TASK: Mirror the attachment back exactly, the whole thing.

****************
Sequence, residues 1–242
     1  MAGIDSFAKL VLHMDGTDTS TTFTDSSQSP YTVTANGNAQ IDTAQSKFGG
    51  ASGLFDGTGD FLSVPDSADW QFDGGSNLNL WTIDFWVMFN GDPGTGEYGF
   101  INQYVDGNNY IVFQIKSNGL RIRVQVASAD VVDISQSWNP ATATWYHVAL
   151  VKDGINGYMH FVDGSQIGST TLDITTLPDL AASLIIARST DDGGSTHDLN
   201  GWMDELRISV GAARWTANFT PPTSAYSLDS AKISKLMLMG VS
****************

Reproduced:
Sequence, residues 1–242
     1  MAGIDSFAKL VLHMDGTDTS TTFTDSSQSP YTVTANGNAQ IDTAQSKFGG
    51  ASGLFDGTGD FLSVPDSADW QFDGGSNLNL WTIDFWVMFN GDPGTGEYGF
   101  INQYVDGNNY IVFQIKSNGL RIRVQVASAD VVDISQSWNP ATATWYHVAL
   151  VKDGINGYMH FVDGSQIGST TLDITTLPDL AASLIIARST DDGGSTHDLN
   201  GWMDELRISV GAARWTANFT PPTSAYSLDS AKISKLMLMG VS